Marriage is not some social experiment to be tinkered with

February 24, 2011

While it seems the Maryland legislature can't wait to support same sex marriage, I hope there is still time to oppose the attempt to redefine marriage as anything but a social contract between a man and a woman. The American family is not a laboratory for social experimentation, yet under the leadership of a misguided political class, over the last 50 years, that's exactly what the family has become.

Marriage is clearly one of the oldest human traditions, dating further back in recorded human history than even the first appearance of nation-states, before there were recognized geographical boundaries, before there were even governments. Marriage represents the intrinsic fabric of the civil society and is a tradition that should be protected in the form in which it has been historically understood and accepted. I believe 6000 year old traditions do not need to be changed or updated for the political expedience and acceptance of those living in only the most recent days of our recorded human experience.

The idea that being married is the only way to seal specific so-called civil rights is a red herring. Other than procreating for the benefit and viability of the continued existence of the nation, virtually every other so-called right derived by virtue of marriage can also be guaranteed through wills, contracts and other enforceable agreements and instruments. That's just a fact.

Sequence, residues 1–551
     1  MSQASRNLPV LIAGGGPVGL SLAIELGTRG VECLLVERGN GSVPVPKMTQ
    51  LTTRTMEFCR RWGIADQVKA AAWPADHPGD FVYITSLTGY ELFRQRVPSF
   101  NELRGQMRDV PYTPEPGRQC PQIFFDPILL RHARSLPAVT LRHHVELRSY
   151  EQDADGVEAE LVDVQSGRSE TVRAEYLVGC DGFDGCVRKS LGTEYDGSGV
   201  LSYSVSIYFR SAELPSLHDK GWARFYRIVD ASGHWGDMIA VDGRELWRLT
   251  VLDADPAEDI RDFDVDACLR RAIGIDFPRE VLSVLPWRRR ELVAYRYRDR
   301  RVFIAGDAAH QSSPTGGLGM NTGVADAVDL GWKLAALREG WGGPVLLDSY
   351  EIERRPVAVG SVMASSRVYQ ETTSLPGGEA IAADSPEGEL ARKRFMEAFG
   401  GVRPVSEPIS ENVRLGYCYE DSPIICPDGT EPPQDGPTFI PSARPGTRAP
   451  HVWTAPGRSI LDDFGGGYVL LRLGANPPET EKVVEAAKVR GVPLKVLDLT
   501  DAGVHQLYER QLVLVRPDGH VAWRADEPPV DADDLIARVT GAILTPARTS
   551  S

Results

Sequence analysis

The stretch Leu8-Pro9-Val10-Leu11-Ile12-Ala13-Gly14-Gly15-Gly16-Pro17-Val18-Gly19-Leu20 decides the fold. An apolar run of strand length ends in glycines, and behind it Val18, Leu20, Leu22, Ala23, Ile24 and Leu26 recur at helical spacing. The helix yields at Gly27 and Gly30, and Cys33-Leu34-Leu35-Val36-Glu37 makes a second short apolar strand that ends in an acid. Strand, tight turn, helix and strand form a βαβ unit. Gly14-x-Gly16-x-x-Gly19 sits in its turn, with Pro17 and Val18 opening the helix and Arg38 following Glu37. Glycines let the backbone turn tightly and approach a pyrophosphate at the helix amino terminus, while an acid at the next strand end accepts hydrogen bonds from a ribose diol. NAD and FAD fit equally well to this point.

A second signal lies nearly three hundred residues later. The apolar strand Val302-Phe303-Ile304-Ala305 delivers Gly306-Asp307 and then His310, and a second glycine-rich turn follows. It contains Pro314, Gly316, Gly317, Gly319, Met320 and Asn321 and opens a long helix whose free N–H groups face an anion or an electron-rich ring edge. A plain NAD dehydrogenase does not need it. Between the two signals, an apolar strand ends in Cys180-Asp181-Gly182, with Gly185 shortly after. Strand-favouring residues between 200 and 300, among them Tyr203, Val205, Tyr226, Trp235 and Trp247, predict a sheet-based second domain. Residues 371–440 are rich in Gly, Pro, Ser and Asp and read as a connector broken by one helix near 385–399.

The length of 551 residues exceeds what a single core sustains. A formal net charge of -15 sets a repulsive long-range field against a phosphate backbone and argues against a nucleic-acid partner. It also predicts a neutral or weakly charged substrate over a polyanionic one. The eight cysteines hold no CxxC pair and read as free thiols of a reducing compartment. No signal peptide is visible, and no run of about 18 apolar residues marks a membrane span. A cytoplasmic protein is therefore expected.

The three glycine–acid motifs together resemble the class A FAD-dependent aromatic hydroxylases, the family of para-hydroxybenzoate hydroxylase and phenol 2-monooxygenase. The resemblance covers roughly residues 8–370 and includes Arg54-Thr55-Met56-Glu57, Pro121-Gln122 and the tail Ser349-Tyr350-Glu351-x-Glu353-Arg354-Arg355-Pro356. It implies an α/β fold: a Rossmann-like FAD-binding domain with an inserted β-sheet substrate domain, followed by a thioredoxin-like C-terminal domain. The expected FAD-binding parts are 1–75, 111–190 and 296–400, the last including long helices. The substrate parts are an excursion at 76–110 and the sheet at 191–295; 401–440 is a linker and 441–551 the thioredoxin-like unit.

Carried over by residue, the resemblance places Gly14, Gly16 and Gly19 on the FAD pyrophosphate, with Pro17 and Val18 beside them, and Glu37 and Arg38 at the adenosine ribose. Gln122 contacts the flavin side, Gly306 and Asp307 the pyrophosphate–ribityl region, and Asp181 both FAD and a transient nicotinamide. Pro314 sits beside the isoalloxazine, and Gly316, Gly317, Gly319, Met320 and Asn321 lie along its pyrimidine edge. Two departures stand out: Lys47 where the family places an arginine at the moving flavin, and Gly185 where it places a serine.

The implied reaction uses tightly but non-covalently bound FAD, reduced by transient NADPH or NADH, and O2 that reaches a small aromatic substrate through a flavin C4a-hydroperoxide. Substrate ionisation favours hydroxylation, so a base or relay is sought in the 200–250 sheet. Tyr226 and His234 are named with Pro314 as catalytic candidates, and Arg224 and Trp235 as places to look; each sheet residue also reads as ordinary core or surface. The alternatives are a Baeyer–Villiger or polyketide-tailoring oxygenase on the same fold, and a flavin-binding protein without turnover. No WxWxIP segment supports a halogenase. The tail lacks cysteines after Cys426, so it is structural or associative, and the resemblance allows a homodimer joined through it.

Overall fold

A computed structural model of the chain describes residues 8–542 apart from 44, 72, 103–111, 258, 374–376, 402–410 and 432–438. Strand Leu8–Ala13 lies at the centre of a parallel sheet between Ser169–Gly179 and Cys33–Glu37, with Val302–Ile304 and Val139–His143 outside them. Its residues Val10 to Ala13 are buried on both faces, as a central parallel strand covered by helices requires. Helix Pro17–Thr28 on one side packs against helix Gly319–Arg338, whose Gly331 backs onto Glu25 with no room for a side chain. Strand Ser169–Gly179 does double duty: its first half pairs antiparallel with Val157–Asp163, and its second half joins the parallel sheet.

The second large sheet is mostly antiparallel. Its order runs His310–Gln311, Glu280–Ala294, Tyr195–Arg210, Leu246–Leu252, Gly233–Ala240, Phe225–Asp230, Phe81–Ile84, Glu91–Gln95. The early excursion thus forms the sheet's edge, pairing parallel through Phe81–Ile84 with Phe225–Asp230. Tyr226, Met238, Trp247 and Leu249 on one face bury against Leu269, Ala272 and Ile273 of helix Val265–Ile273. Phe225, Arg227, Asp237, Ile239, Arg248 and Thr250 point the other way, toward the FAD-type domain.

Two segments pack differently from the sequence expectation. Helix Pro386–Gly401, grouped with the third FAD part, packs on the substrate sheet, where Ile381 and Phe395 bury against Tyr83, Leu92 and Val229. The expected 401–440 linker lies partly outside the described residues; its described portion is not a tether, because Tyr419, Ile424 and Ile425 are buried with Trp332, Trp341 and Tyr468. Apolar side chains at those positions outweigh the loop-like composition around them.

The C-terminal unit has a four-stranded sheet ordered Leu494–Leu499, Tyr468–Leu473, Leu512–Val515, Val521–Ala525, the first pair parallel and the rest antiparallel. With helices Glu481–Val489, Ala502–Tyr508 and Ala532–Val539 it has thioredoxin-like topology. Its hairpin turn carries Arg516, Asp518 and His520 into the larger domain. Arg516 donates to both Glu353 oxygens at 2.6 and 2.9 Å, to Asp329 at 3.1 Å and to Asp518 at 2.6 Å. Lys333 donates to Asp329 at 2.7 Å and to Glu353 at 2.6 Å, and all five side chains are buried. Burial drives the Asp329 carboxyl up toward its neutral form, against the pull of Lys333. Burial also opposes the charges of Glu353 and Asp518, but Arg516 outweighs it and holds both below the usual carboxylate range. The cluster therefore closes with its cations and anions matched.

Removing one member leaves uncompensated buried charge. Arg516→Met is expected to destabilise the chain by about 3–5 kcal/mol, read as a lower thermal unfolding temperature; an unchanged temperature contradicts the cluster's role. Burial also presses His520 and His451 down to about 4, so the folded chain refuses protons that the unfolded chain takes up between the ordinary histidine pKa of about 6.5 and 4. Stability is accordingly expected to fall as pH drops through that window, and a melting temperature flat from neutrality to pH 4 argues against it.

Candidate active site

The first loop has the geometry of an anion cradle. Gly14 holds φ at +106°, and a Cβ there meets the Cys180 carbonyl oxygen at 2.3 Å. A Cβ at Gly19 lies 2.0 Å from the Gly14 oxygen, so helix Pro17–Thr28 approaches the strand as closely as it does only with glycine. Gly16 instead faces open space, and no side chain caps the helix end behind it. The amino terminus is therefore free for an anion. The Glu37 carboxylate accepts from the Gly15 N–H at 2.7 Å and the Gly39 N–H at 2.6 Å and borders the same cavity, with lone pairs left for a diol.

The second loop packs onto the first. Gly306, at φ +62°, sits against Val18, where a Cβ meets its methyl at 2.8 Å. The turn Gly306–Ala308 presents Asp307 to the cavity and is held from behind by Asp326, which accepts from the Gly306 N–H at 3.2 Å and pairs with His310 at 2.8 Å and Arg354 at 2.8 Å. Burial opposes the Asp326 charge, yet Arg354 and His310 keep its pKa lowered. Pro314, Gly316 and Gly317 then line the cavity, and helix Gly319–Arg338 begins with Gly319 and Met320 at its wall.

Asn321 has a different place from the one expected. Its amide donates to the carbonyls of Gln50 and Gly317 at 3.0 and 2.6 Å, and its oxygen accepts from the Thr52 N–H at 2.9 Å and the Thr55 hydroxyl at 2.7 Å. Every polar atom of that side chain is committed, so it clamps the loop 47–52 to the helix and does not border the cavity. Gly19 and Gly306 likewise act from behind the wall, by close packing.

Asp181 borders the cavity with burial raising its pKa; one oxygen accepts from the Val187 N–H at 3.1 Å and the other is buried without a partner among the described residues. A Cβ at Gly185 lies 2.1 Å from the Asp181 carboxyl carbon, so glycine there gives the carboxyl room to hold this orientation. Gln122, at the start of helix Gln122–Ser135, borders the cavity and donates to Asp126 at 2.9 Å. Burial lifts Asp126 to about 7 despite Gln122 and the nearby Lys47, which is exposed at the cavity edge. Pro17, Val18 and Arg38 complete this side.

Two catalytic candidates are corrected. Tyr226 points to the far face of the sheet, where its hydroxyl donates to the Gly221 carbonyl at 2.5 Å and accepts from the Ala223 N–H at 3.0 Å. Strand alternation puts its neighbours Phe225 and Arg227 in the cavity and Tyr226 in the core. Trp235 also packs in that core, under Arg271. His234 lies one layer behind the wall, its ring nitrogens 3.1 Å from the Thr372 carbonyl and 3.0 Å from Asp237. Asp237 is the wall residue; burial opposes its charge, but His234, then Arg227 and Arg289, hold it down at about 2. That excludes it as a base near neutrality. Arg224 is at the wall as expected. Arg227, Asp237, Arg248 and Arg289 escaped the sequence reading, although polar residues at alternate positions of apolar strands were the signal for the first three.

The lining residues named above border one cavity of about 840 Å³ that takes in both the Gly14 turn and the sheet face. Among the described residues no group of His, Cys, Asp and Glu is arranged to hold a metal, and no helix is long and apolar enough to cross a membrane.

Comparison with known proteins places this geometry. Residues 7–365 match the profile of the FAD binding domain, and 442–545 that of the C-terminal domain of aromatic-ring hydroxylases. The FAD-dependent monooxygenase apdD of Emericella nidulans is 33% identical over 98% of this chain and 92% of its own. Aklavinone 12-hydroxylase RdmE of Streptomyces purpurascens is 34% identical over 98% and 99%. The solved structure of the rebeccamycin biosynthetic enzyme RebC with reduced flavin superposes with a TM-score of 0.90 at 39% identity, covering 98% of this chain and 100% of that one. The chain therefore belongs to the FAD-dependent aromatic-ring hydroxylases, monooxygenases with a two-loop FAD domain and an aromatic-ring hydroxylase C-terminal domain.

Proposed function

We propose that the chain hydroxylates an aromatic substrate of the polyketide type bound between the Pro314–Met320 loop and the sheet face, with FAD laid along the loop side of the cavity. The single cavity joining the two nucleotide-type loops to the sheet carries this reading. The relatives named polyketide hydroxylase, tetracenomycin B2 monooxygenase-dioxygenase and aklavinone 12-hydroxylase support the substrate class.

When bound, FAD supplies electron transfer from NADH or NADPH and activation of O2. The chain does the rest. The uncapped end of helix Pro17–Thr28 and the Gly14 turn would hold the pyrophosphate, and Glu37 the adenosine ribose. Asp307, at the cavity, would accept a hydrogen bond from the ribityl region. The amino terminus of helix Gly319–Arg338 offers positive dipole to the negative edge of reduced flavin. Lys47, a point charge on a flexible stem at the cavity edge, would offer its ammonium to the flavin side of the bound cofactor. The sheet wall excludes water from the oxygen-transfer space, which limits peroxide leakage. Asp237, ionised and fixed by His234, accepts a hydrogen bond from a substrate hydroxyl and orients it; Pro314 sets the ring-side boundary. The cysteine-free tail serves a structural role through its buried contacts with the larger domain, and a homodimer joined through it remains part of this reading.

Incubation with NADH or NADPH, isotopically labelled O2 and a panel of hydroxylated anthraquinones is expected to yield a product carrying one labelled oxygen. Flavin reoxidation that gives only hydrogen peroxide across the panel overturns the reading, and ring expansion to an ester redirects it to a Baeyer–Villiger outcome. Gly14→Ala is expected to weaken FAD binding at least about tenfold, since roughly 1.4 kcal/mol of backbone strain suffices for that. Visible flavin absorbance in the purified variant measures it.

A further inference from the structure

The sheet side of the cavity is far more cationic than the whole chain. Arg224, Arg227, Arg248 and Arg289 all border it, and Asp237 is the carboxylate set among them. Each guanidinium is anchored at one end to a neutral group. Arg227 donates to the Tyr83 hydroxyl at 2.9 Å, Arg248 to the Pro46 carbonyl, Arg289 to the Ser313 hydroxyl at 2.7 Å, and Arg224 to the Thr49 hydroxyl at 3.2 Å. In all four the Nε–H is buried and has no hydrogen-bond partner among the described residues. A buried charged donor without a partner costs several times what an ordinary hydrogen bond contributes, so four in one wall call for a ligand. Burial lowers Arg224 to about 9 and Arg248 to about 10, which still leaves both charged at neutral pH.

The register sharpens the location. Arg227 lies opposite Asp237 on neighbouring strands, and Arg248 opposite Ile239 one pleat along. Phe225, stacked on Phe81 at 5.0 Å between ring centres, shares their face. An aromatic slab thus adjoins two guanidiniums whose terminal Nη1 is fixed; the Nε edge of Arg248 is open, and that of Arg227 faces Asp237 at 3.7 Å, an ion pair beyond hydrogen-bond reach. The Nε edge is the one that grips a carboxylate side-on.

Big change should require big majorities, otherwise tension and strife will settle throughout our country for generations. Just look at the conflict begot by the Roe v. Wade opinion that stole from the majority of Americans the right to make their voices heard on that important issue. The issue of gay marriage is no different and should not become the law in our state merely because a group of political operatives says so. I reject that notion.

When given the opportunity to express their opinion, voters in other states rejected same-sex marriage as their state's policy. I believe the citizens of Maryland should similarly be allowed to express their opinion on this important issue through a state referendum that will be binding on the state legislature.

Joel Rosenberg, Ellicott City

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